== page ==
Unthology #3

-Reviewed by Charlotte Barnes

Unthology 3

Unthology 3, the third short story anthology to be released in this series by Unthank Books, is kicked into gear with an introduction that claims, “In these uncertain, frightening and recessionary times… it’s only natural to want to switch off the daily terror and hide in a warm fantasy.” The statement immediately lulled my mind into believing that what may be on offer in this new collection was warm fantasy, though that statement also concludes with ‘there is some sex in it’, so it seems the anthology offers something for a wide scope of readers.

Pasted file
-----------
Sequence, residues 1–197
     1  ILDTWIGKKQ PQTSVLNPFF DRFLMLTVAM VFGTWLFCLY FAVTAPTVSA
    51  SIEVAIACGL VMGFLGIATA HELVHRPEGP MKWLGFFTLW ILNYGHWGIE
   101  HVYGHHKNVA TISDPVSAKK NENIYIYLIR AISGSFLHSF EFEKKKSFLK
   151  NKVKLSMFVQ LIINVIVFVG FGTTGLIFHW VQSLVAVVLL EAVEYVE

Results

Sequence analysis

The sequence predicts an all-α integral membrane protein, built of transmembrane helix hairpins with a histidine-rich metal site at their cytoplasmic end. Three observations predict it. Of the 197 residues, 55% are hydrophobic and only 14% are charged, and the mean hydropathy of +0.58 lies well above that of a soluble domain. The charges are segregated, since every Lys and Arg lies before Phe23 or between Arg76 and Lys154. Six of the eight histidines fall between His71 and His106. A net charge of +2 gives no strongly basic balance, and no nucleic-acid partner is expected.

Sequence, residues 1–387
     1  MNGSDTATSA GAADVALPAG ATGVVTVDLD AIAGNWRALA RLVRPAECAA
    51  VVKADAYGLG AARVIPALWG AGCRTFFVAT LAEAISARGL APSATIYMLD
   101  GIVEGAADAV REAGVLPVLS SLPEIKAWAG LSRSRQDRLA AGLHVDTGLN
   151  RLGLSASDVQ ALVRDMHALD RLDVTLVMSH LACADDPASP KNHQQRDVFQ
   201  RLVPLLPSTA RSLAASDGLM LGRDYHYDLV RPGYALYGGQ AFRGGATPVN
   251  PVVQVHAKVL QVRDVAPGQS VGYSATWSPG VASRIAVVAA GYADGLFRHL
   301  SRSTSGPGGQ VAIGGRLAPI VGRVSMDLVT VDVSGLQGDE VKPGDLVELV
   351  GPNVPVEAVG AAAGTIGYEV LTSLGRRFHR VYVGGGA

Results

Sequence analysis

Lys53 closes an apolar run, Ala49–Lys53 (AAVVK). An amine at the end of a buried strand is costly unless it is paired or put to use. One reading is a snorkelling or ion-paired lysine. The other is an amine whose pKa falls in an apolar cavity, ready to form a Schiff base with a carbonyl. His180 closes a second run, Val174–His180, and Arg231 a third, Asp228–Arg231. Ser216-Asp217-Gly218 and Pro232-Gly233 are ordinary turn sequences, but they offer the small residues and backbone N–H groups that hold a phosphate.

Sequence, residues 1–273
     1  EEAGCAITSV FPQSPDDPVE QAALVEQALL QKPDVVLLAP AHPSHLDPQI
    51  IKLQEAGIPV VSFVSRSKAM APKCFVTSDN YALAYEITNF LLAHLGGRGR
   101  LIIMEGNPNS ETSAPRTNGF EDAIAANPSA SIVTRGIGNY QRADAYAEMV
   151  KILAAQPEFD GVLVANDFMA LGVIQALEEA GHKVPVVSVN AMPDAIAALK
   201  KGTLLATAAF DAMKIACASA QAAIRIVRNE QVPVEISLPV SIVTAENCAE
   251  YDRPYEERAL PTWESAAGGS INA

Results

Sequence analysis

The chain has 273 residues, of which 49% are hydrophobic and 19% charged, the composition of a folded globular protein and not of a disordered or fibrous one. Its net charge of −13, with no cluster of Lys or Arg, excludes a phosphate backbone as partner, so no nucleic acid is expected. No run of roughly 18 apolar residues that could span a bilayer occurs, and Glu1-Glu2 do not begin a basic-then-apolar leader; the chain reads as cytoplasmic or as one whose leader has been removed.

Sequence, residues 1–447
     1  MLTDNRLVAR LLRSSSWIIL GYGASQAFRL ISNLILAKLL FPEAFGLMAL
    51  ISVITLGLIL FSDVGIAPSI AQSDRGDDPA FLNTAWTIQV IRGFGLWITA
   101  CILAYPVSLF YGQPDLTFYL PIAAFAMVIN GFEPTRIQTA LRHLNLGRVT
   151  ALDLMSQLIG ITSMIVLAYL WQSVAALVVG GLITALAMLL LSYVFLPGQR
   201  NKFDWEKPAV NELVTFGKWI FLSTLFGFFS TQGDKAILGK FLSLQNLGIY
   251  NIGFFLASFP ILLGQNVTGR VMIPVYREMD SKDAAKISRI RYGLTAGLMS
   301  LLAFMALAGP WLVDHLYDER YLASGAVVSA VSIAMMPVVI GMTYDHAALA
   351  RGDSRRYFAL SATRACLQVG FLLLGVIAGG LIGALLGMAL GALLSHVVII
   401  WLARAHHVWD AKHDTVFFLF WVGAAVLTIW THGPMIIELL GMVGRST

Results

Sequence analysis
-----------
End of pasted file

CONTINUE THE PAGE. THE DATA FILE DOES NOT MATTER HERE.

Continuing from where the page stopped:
There was however a slight pang of confusion upon reading the opening story, ‘Terra Cotta’ by David Rose; the narrative, which weaves readers through a maze of artistic creations as we find ourselves on the tour of a gallery, is not only original and complex, but also maximises the opportunity to explore the visual side of literature through vivid, convincing and all-round inspired descriptions. Having said that, I couldn’t help but feel somewhat underwhelmed by the overall premise of the story, particularly after I had prepared myself for something much more fantasy-based. ‘So Long Mariane’, by Sandra Jensen, completely redeemed this initial reaction, and explained that this was much more than a collection of fantasy tales, with a relevant tale that begins with, “When Mariane asked me to help her kill herself, I thought it would be relatively easy.” The first person narrative provides a gut-wrenching insight of the perspective of someone playing party to euthanasia. Jensen’s narrative, with infrequent and unmarked speech, revolves mainly around the accomplice and the emotional effects, allowing a truly unique voice to become apparent through the inspired tale.